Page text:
Nanoparticles may be best bet for treating respiratory infections
The researchers added a mixture of the antibiotic clarithromycin, a biodegradable polymer oil and a stabilizer to nanoparticles, which are countless times smaller than a tennis ball.
They then injected the nanoparticles into human bronchial cells infected with the bacterium Staphylococcus aureus, which is a major cause of hospital-acquired infection.
The nanoparticles were then able to deliver the antibiotic directly to the bacteria found in either the biofilms or inside individual lung cells, as opposed to having to first work their way through biological barriers, such as mucous and respiratory tissues.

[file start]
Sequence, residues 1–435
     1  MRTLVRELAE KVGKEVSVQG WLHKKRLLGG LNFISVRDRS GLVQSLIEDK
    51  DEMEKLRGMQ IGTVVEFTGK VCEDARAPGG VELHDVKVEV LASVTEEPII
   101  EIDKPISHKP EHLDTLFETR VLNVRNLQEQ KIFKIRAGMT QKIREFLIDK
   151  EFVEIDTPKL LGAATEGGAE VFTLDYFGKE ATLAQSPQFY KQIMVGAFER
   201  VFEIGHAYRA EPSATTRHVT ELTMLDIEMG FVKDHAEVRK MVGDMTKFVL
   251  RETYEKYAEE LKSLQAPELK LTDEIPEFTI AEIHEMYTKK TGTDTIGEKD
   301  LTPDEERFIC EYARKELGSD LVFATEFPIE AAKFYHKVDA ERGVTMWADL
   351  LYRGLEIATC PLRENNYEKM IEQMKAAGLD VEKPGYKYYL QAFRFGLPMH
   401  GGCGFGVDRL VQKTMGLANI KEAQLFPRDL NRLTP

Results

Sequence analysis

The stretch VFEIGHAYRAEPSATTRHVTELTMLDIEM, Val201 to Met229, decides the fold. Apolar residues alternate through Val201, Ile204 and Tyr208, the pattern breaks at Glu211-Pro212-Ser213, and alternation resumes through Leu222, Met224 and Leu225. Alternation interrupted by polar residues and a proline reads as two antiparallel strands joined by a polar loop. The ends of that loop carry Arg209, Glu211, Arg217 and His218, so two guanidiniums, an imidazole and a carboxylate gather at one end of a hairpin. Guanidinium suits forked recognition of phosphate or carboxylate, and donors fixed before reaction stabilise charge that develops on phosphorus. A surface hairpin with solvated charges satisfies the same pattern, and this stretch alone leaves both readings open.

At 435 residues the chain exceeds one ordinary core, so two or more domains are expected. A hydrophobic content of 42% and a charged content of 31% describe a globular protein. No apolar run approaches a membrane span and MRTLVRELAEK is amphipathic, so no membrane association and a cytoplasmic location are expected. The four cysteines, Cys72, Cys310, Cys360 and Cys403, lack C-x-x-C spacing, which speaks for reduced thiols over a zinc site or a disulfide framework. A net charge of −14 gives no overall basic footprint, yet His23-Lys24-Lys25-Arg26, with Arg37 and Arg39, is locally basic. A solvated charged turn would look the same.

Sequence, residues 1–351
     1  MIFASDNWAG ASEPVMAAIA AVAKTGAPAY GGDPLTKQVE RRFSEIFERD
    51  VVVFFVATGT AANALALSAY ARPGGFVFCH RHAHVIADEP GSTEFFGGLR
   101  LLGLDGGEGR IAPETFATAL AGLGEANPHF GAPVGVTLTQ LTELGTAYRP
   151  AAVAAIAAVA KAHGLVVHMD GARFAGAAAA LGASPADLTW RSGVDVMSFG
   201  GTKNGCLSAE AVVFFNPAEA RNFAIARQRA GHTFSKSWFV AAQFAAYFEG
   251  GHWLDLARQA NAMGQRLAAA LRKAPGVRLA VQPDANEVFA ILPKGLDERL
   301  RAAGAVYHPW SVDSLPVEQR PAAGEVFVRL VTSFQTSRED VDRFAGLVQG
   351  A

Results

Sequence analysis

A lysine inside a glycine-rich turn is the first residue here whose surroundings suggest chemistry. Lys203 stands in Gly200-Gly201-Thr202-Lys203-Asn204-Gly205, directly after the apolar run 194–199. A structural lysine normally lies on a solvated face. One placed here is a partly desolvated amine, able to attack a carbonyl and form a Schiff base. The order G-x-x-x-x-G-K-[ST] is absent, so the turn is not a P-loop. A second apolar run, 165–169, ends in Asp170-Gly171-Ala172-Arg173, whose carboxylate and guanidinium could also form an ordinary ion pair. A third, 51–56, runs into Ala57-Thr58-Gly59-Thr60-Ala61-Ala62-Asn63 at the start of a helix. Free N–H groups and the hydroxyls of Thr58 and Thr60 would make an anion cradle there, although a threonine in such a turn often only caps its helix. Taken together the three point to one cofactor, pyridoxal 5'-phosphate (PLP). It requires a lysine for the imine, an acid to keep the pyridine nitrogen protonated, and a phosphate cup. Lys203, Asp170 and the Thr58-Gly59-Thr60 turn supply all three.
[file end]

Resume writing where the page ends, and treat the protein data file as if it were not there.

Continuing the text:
"Using nanoparticles to deliver drugs to a local site of infection is a promising strategy for overcoming side effects, increasing treatment efficacy, and overcoming resistance,” Dr. Cristiane Carvalho-Wodarz, from the Helmholtz Institute for Pharmaceutical Research in Saarbrucken, Germany, said. “The nanoparticles we have developed have a number of advantages as drug carriers; they do not provoke a toxic effect, they are highly stable, they release the drug over a sustained period, and they can overcome cellular barriers. We believe that our formulation shows promise to improve the antibacterial efficacy, which could help patients with lung infections, since the antibiotic can reach the infection site directly and therefore decrease the side effects we see during traditional routes of administration.”